It is evident from the SEC’s actions that its main focus is determining whether or not a given crypto is a security in order to regulate it. However, there is one more related area where the SEC has influenced the crypto industry. The agency is also responsible for approving crypto-backed trading products such as a Bitcoin exchange-traded fund. In the last quarter of 2021, the agency greenlit the first exchange-traded fund tied to Bitcoin futures contracts. While the approval of a Bitcoin futures ETF was a landmark moment in crypto regulation, the SEC has continued to drag its heels on approving a highly-anticipated spot Bitcoin ETF.
SEC Chair Gary Gensler has also repeatedly issued warnings about DeFi and stablecoins, raising questions about how the agency may look to clamp down on the space in the future.
Commodities Futures Trading Commission
The Commodities Futures Trading Commission is a U.S. government agency that regulates financial derivatives. It enforces rules pertaining to the trading of financial contracts (including futures, options, and swaps) for assets such as commodities, securities, bonds, and cryptocurrencies. In 2015, the CFTC found cryptocurrencies such as Bitcoin to be commodities subject to oversight under its authority. The agency took regulatory oversight of exchanges offering American citizens futures or options contracts on crypto assets like Bitcoin and Ethereum.
Similar to the SEC, the CFTC has taken action against crypto firms it considers to be in violation of derivative asset laws. In October 2020, the CFTC memorably charged BitMEX for illegally offering Bitcoin derivatives trading to U.S. residents. A year later, it led enforcement action against Tether and Bitfinex, charging its parent entity iFinex for offering trading services to U.S. citizens without registration. The CFTC later settled its case with iFinex and issued the firm a $42.5 million penalty.
While the CFTC has full regulatory control over crypto derivatives services offered to U.S. nationals, it rarely weighs in on crypto spot markets. However, CFTC Chair Rostin Behnam has asked Congress for greater authority in crypto oversight and asked for $100 million in additional funding to go toward monitoring the space. It’s evident that the CFTC is aiming to take a more prominent role in crypto regulation; reports have also suggested the agency could join hands with the SEC to oversee crypto regulation in the future.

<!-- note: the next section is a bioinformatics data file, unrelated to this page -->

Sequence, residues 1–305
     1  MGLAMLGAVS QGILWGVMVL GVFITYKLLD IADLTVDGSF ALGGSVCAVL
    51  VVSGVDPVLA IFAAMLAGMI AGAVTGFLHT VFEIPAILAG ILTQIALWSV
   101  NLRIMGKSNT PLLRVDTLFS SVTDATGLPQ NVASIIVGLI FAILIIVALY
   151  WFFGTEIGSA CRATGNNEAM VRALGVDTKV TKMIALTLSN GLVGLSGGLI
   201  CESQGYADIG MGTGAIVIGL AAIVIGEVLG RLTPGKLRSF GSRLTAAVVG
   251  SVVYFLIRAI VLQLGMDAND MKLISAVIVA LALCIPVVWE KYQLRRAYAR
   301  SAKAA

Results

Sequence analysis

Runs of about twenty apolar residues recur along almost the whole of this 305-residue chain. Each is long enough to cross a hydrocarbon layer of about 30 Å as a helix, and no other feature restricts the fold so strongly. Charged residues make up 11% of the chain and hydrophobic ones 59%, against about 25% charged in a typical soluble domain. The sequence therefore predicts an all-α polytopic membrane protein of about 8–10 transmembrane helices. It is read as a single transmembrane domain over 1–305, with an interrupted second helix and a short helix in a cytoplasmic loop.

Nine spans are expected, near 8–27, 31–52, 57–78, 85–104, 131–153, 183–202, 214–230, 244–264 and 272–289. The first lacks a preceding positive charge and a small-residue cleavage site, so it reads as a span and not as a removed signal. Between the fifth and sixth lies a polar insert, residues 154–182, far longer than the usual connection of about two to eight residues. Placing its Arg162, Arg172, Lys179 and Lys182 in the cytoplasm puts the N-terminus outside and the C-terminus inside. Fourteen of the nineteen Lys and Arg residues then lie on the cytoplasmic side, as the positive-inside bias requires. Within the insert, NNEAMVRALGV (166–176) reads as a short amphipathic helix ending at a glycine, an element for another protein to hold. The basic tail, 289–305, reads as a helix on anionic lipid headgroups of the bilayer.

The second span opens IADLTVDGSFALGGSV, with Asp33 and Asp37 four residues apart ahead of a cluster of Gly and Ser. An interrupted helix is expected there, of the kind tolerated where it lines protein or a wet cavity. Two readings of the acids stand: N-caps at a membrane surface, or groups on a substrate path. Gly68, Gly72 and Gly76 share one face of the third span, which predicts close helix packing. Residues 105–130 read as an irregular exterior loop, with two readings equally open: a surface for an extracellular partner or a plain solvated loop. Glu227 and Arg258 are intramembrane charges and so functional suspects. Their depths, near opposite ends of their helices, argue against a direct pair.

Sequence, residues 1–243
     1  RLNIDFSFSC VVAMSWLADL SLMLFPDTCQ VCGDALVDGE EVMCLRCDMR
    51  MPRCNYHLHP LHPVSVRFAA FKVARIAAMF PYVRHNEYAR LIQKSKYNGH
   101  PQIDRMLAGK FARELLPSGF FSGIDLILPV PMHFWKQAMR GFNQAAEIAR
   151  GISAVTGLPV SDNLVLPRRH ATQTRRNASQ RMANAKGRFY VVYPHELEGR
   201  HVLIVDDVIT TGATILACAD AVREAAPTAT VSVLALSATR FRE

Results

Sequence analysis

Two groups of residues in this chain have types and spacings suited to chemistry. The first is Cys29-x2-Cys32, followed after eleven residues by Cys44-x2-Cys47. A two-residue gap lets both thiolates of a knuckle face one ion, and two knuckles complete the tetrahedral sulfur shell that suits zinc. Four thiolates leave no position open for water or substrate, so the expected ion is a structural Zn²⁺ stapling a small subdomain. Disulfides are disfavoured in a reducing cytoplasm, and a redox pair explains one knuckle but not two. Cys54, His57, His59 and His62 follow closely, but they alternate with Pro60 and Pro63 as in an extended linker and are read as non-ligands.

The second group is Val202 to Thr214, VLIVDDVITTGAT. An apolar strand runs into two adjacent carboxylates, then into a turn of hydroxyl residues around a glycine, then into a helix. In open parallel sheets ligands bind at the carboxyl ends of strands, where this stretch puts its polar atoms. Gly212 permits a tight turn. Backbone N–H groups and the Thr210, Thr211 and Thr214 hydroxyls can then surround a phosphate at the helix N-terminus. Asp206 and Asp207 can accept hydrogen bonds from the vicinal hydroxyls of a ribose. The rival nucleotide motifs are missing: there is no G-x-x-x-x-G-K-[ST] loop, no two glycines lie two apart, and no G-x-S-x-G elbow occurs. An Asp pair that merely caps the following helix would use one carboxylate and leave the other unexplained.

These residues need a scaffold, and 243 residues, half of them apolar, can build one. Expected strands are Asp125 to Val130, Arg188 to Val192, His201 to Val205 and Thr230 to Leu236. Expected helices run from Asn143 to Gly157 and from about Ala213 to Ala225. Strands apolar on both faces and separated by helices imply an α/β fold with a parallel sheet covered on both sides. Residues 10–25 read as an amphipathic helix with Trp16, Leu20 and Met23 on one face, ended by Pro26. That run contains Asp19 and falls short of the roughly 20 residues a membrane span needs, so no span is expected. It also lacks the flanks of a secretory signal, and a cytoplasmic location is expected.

Office of the Comptroller of the Currency
The Office of the Comptroller of the Currency is the primary regulatory entity supervising the operations of national banks and federal savings associations in the U.S. For cryptocurrencies, the OCC determines how banks can use crypto assets in custody holdings and on balance sheets. The regulator’s first major crypto involvement came from the former Acting Comptroller of the Currency, Brian Brooks, in July 2020. Under his supervision, the OCC issued a guidance letter to U.S. national banks, allowing them to provide custody services, hold stablecoins in their reserves, and even run blockchain nodes.
Federal Deposit Insurance Corporation
While putting dollar-pegged stablecoins to work can earn investors higher interest than traditional saving accounts, stablecoins carry more risk than real dollar deposits due to their lack of government-backed insurance. As such, adequate insurance may be one of the missing links in incorporating stablecoins into the U.S. economy. And that’s where Federal Deposit Insurance Corporation may have a role to play. The FDIC is the regulatory agency responsible for providing insurance for U.S. bank deposits up to $250,000 per depositor. Last year, the FDIC said it was studying deposit insurance for stablecoins.